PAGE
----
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India days away from recertifying 737 MAX, reports say

written by Isabella Richards | August 13, 2021

An artist rendition of the Boeing 737 MAX. (Source: Australian Aviation archives)

India is days away from re-certifying Boeing’s 737 MAX jets to resume flights within the country, marking over two years since its groundings began.

According to Bloomberg, an anonymous source said India was satisfied with the aircraft’s performance since last November when it was cleared to fly in the US, Europe and other nations.

Boeing has met India’s standards and requirements, which entailed a 737 MAX simulator being used in the south Asian nation before any decisions were made, according to the source.

This will mark a long-awaited decision, as India is the last remaining major market yet to approve of the aircraft’s return to the skies.

China was beside India in taking a longer approach, but a test flight this week from Shanghai to Pudong’s international airport occurred, moving the jet’s certification in China one step closer.

Rajeev Jain, a spokesman for India’s aviation ministry said a decision of returning the MAX is yet to be confirmed, despite talks with sources who are familiar with the matter.

For almost two years, Boeing’s 737 MAX aircraft were grounded following two crashes within months in Ethiopia and Indonesia, killing 346 passengers.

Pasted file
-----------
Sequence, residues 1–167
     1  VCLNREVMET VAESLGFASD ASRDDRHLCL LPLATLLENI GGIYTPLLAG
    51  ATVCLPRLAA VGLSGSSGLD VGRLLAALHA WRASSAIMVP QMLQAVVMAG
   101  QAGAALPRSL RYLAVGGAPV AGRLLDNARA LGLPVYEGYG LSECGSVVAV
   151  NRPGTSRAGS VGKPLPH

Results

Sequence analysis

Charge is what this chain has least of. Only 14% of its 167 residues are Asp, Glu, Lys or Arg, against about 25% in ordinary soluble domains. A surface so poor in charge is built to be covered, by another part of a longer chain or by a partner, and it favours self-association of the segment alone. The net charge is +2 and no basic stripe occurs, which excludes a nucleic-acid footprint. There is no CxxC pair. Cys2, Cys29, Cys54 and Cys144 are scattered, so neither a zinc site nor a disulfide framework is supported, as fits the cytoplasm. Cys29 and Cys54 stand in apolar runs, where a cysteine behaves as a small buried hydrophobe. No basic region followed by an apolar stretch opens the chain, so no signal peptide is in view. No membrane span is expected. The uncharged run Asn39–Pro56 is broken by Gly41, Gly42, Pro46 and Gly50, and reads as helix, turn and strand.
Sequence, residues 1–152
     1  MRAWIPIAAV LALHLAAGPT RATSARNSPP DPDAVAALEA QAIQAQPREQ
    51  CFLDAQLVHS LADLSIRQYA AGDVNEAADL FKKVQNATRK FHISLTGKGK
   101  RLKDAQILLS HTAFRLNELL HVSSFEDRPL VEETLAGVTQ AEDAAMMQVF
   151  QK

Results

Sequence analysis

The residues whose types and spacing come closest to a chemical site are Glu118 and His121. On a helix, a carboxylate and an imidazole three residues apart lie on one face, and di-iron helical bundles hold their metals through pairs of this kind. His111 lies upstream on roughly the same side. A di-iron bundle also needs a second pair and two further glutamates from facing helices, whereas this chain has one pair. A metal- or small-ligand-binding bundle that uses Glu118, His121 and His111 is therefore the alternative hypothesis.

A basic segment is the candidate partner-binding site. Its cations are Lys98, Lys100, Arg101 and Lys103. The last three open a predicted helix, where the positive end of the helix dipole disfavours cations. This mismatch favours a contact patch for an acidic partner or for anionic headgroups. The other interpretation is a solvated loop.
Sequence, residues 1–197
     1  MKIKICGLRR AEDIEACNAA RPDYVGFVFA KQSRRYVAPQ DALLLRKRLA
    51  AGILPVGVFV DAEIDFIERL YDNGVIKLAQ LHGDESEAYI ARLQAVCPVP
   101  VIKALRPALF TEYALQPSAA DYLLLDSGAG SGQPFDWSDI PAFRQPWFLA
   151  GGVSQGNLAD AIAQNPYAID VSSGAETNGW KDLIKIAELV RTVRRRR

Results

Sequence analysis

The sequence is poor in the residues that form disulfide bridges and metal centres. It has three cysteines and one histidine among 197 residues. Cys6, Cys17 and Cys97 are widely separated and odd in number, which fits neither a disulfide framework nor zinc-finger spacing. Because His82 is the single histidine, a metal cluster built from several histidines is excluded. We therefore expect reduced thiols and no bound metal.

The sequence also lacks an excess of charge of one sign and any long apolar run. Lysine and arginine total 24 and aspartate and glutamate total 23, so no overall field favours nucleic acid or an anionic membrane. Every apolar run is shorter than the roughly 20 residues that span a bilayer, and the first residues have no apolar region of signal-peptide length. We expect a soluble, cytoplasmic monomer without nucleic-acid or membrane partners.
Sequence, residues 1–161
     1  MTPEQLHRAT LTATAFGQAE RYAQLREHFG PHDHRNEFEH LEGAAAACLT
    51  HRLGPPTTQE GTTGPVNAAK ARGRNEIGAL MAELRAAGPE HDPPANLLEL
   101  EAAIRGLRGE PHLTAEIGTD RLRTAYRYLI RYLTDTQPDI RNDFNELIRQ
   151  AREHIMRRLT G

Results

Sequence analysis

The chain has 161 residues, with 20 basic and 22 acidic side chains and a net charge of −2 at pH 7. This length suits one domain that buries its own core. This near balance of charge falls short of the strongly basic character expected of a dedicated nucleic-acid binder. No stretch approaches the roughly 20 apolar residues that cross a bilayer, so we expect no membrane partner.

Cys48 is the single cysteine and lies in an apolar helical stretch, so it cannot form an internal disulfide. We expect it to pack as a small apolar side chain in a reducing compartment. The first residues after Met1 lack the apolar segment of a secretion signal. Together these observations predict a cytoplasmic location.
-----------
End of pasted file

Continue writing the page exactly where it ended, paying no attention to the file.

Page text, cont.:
Last November, the jets gained re-certification in the US and are slowly tapping into international airspace.

India is one of Boeing’s vital markets, and the Biden administration has pushed a further tightening of a relationship with the country.

Maria Laine, vice president of international sales and industrial partnerships at Boeing  said in an interview on Business Standard Boeing has a “strong footprint in India” through continuous investments.

“We have trusted relationships with our customers and partners and are committed to an enduring, long-term view of India now and in the future,” Laine said.

Bloomberg noted Boeing forecasts that airlines in India will acquire more than 2,200 aircraft in the next 20 years’ worth almost US$320 billion.

The move to recertify the jets will come months after the aviation watchdog, Directorate General of Civil Aviation (DGCA), relaxed its rules for the 737 MAX to fly in Indian airspace in April.

While this was a significant move, aircraft were still required to attain regulatory exemptions from the State of Registry before flying.

Yesterday, World of Aviation reported Boeing is in discussions with new low-cost Indian carrier to provide up to 80 of its 737 MAX aircraft for its fleet.

Asaka Air, the budget airline backed by billionaire Rakesh Jhunjhunwala – known as ‘India’s Warren Buffet’ – has invested around US$35 million into the carrier, waiting for the Indian aviation ministry’s approval.

Jhunjhunwala expects to operate a fleet of over 70 aircraft in the next four years, and an order for that many 737 MAX-8 jets would be worth around US$8.5 billion.

SpiceJet remains as Boeing’s last 737 MAX operator in India, with over 100 on firm order and 13 parked due to the groundings.


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